As winter turns to spring, The Observer finds again the urge to get our fishing pole and tackle box, dig some worms out in the backyard, and go fishing. We surely need that calm stillness in our life right now, with the world seeming to slouch toward chaos day-by-day and at times hour-by-hour. Fishing, thank God, is the same as it ever was: the bobbing cork and cast line, the hook and bait, enticing fishes who troll the dappled, hidden depths of the Good Lord's waters. It's a hassle to get there: boat and tackle and untangling the fishing pole or cutting that long stick of breakwater cane like granddaddy did, maybe, then heading off to Wally World for bobbers and a fishing license so we don't get picked up by The Man, but we'll be damned if we don't miss it sometimes.
It is, as we said, the stillness of it that's appealing in times like these — the silent focus, waiting for that tug that may come now or never, a kind of meditation in and of itself, the mind caught on its own hook, unable to wander far enough inward that the bobber recedes to a blur on the water, but unwilling to occupy itself with anything else other than what might or might not come, the fishy spot sought out, the bait cast just perfectly between tangling cypress and muddy bank, the feeling when you know you're in the sweetness, then the rush of anticipation when the cork shivers once, twice, touched by invisible lives below the mirror surface of the deep. Don't ever let anybody talk bad about your relatives who head off to fish on warm Sundays instead of suiting up and going to church. The Observer has come to believe that fishing is its own, wholly valid religious experience, given that it is a moment when a mortal human being, takes time from this very finite life to cast the line and hook, so like a question mark, then wait still and quiet and faithful that The Great Hidden Fish might choose this moment to reveal himself or herself or itself.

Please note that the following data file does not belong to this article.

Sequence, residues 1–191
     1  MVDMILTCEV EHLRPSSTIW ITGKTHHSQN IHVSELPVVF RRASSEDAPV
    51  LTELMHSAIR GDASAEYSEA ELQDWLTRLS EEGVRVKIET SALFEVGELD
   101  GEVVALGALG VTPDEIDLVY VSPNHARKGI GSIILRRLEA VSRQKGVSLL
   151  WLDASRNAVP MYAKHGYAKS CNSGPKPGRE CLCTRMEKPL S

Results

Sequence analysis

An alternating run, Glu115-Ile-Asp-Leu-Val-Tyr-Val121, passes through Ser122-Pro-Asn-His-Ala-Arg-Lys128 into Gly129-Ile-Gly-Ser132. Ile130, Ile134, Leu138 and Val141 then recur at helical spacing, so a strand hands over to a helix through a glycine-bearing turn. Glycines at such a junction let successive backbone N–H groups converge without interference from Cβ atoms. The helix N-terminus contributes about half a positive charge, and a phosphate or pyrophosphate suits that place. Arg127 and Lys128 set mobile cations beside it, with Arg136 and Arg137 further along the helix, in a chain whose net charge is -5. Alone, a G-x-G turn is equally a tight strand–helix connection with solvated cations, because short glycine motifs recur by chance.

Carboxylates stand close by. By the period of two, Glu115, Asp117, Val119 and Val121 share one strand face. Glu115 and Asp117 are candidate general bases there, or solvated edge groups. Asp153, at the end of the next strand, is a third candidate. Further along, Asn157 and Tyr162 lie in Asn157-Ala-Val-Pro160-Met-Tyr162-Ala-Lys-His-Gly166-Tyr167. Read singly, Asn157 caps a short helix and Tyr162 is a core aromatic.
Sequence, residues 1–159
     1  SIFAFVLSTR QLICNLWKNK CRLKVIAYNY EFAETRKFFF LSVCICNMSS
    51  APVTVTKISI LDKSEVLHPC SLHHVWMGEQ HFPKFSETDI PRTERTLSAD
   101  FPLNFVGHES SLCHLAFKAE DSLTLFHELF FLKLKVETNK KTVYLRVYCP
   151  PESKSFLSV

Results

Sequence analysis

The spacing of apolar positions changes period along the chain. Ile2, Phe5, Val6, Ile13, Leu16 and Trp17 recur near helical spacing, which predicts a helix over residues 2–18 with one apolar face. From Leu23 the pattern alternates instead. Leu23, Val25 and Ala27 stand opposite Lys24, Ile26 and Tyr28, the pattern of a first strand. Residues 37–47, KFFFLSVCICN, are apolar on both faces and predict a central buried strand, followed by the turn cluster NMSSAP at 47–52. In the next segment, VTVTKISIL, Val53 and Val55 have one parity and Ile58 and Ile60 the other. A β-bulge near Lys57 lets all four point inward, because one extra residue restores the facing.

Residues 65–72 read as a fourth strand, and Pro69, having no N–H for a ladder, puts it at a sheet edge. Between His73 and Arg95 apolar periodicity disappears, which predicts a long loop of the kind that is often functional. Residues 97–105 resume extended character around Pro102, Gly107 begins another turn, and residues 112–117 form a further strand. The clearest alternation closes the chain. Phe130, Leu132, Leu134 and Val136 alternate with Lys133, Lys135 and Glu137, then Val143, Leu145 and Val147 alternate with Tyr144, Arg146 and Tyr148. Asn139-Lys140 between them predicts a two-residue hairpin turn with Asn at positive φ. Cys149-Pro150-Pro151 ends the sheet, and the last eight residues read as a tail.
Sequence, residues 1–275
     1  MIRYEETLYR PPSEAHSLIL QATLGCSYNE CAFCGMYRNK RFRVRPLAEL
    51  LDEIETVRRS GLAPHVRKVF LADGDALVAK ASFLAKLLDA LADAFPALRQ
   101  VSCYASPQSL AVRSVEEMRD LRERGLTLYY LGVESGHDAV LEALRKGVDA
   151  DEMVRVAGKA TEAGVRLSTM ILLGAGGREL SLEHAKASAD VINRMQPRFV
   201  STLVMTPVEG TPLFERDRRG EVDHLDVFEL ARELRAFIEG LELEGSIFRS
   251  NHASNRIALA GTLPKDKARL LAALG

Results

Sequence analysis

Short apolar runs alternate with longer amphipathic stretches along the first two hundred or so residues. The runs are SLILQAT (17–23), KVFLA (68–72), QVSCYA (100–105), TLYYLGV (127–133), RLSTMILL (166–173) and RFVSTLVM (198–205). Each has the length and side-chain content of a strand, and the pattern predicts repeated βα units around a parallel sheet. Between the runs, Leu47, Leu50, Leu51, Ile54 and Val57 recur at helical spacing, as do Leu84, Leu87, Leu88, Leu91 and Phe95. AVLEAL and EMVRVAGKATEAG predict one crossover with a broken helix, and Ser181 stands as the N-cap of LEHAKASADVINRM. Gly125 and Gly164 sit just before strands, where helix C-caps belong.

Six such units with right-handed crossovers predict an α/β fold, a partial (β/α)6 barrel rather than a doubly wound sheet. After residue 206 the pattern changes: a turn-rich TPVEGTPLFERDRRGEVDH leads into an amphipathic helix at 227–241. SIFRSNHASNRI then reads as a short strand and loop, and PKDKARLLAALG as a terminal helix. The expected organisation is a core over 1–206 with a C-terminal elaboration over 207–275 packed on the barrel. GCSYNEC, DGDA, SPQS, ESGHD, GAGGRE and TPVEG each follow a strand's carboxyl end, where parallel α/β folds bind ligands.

It was The Observer's dearly departed Pa who taught Yours Truly how to fish, to tie the sturdy knot through the eye of a hook, to make the sacrifice of a cricket, worm or minnow. Pa loved the lake so much that when Yours Truly was a lad, he and Ma saved their pennies to buy a muddy, oddly shaped lot at Lake Conway. It was mostly vines and thorny brambles, so thick that Pa had to hack his way through with an Army surplus machete to even see the water after the papers were signed. But within a few years, he had a house on the land, a clear view of the lake, a meandering path through the cottonwoods to the water; a hundred-foot dock, lined with bell-shaped lights that could be turned on from the house with the flick of a switch. The Observer's boyhood is very much swirled in together with that place, which was sold off just after Yours Truly turned 12 for reasons we're still not clear about.
The house had a long, screened sleeping porch, and at night in the summer The Boy Observer and assorted, sunburnt kinfolks would try to find sweltering sleep there, listening to the calls of strange, nightwise birds, seeing the scarce glimmer of lights on the far shore the only sign that other human beings existed in the world. The fool we were then didn't care much for the place, with its mosquitoes and coiled water moccassins and fish gut smells. The only entertainment in the place, by Pa's design, was a single black and white TV whose screen could have been easily covered by a cereal box — that and the lake, of course — so we remember being very bored there from time to time when the fish weren't biting, or it was raining, or the sun burned down too hot to fish. But we can tell you this: We miss that place fiercely still, dream about it, consider it in traffic to this day when we're in a mood to think on the life and legacy of Pa, gone 16 years now. The Observer would give damn near anything to be back there now, watching a cork bob in the saw-toothed shade of the cypress just left of the dock, elbows on the rail, waiting patiently for the nibble that revealed the riot of life just below the surface.